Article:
Aswini Anburajan

Aswini Anburajan is a writer for Feet in 2 Worlds, an ethnic media reporting project supported by the Center for New York City Affairs at the New School.

Recent Articles

Gay Immigrants Face Another Setback

I wrote earlier this week that immigration activists are taking the same approach as gay rights activists in making a state-by-state push for the Dream Act. The concerns of both these groups dovetailed yesterday in an announcement by the United States Citizenship and Immigration Services that gay couples who are married cannot apply for permanent residency for their partners, unlike heterosexual couples, The New York Times reports. The decision by the Obama administration not to defend the Defense of Marriage Act has created a gray area for these couples, who risk deportation should they file for green cards for their spouses. Earlier this week, the NYT reports, Citizenship and Immigration Services suspended looking at these cases while they tried to clarify the legal policy. It sent a wave of hope among the gay-rights community that ended up being false. Andrew Sullivan in describing current immigration laws around heterosexual marriage writes : The US recognizes the marital and...

Quiet Enforcement With No Real Solution

The Wall Street Journal reports that the Obama administration has launched a quiet attack on illegal immigration. The Immigrations and Customs Enforcement division [ICE] has been auditing firms, rechecking employment data. Two companies in recent months, Chipotle and Harvard Maintenance, have laid off around 1,000 workers. Critics of U.S. immigration policies on the left and right take issue with such aduits b the Obama administration, also known as silent raids. They say that as a practical matter, the raids shilft illegal immigrants with relatively well-paying jobs into the underground economy. Cnservative would rather deport the immigrants; others call for a path to U.S. citizenship. The WSJ article profiles a man who lost a job that paid him $14 dollars an hour but who says that he and his co-workers who have been laid off would rather be in the U.S. unemployed than return home. And that's where the issue lies. While the Obama administration deserves some credit for not going in...

What the Rest of the World Is Watching

Think the Red Sox versus the Yankees at the World Series Final and then times that by a billion. Two nations are at a standstill today as they play for a spot in the finals of the Cricket World Cup. India versus Pakistan has caused schools to be let out early in India -- a nation obsessed with education. People have taken off work, and a friend in Pakistan e-mails to tell me that the local sports stadiums have been opened up to show the matches and are overflowing. Peter Roebuck of writes: Interest is at fever pitch across the region. India's parliament is shutting up shop at 2.30 pm. A large screen has been erected in the halls of debate. Mumbai's taxi drivers are taking the day off. Companies are asking their employers to arrive at 7am, promising to stop work in time for the first ball. They, too, have put up screens in offices and on factory floors. Otherwise no one would turn up for work. The Melbourne Cup might stop a nation. India versus Pakistan in the World Cup stops...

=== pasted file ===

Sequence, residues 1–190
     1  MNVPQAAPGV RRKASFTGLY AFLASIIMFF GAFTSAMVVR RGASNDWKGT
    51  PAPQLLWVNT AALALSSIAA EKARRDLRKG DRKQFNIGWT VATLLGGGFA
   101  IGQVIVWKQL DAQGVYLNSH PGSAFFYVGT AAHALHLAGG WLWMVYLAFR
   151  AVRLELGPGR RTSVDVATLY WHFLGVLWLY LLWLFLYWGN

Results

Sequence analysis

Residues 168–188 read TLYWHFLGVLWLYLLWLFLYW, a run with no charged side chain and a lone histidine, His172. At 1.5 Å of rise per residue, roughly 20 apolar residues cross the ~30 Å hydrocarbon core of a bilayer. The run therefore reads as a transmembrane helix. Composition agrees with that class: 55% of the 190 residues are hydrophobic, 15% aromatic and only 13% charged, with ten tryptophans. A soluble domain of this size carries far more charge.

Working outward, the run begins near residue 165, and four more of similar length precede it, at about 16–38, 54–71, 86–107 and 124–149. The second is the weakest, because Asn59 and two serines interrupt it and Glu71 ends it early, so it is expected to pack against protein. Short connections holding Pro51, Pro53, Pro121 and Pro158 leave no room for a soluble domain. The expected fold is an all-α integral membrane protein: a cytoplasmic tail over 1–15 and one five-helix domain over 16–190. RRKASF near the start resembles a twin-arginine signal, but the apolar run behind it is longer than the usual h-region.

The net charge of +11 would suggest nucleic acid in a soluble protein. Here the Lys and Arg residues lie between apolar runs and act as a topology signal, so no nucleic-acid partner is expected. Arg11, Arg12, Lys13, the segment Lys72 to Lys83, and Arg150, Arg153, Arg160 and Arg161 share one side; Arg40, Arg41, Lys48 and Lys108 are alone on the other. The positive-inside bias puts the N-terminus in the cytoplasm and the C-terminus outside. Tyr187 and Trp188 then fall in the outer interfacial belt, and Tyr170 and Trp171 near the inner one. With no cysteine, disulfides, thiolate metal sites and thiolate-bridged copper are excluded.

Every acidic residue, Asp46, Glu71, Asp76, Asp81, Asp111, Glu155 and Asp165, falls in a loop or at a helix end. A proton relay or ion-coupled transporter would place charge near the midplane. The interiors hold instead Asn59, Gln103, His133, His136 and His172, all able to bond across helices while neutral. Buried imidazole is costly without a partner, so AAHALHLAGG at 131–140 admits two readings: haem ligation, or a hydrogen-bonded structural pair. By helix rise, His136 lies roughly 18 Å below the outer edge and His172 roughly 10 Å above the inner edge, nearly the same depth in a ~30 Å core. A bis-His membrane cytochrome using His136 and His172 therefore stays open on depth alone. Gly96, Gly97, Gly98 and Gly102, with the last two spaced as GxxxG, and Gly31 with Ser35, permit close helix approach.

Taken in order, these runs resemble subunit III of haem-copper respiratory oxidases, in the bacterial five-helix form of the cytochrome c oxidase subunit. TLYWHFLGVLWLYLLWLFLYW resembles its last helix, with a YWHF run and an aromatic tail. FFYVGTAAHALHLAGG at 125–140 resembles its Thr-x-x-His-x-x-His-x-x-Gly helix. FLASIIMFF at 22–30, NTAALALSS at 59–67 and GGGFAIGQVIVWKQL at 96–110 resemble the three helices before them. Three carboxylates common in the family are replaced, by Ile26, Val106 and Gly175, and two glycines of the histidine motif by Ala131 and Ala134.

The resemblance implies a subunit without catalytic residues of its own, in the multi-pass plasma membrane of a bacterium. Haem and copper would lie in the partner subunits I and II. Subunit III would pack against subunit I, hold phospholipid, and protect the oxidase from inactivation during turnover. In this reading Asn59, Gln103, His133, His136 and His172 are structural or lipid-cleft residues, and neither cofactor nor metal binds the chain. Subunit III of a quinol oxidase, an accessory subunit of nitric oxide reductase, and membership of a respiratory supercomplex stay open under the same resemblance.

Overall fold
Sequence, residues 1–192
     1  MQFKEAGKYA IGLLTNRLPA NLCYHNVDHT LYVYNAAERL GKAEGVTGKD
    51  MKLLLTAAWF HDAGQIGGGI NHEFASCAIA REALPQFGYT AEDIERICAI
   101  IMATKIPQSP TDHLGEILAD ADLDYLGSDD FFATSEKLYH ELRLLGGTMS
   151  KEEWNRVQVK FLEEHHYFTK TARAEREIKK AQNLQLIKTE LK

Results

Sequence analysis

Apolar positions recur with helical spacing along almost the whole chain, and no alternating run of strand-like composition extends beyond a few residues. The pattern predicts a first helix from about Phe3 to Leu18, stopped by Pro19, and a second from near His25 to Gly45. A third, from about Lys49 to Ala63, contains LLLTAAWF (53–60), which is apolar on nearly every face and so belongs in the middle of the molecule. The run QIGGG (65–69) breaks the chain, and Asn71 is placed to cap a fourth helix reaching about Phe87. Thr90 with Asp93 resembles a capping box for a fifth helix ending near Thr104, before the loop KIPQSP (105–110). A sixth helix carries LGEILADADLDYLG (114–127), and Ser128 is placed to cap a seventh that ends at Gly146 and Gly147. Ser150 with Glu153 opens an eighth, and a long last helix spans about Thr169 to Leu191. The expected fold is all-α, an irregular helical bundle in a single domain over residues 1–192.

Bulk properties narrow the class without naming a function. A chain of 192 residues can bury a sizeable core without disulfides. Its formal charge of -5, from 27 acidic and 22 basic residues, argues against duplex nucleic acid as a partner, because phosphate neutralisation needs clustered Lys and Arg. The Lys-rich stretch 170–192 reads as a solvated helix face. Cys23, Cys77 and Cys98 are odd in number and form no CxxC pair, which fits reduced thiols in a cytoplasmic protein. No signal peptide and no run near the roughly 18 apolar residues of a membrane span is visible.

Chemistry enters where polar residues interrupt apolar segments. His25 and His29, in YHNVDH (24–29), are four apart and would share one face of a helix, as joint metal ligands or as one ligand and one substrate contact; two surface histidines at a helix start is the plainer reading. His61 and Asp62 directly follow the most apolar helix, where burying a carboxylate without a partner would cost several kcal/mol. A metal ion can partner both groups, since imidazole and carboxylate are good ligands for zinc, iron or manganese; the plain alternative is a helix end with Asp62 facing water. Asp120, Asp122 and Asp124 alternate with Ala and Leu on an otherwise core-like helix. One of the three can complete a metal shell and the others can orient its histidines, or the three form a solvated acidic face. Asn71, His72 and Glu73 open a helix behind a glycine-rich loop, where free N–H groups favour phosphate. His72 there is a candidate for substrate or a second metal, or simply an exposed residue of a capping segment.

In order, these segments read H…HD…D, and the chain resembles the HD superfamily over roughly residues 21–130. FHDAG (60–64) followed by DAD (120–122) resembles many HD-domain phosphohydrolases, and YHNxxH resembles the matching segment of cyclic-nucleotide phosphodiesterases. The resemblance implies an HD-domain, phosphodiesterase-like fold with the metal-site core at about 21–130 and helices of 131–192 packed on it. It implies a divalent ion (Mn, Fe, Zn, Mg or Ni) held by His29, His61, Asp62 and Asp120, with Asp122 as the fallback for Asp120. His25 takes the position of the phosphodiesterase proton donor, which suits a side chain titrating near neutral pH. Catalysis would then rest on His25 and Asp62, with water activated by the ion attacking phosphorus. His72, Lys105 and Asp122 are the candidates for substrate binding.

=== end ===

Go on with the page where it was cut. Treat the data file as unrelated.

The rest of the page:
Open-Source Crisis Mapping

The new AT&T T-Mobile merger has raised fears among Internet-privacy folks that further attacks on Net neutrality may be forthcoming. If anything is a testament as to why the Internet should stay free, open, and available to all, its Ushahidi -- a crowd surfacing platform that allows users to input data to create crisis maps; check out this one of disaster areas in Haiti . According to an NPR story about the platform, aid workers rely on it for data. In tech-savvy Japan, it's been critical in helping the country understand the extent of earthquake damage, and businessmen have volunteered to provide hundreds of free cell phones to the Japanese so they can create an accurate, crowd-sourced map. Can you imagine what it could do for the 2010 or 2012 elections? You could build maps on political visibility -- where a candidate has signs, where they've gone door to door, etc. Like I said, one more reason to keep the web open and free - even if its just for political junkies like me.

State-by-State Push for a Dream Act

Three states may not be a watershed, but passage in three states of Dream Act-like bills shows a growing momentum for a national bill that would put the children of illegal immigrants on a path to citizenship if they attend college. Maryland’s Senate recently passed a bill that would allow undocumented students an opportunity to attend state universities and colleges at in-state tuition rates. Should Maryland’s governor sign the legislation it would become one of 11 states in the country, ranging from Kansas to California, that permit this. In California, a bill that would allow undocumented students to compete for state aid and scholarships is under consideration. A New York bill, introduced late last week, takes the legislation further, allowing students who are here illegally but have graduated from high school in New York to access scholarships and financial aid for college, get access to health insurance, obtain driver's licenses, and be able to hold some state jobs...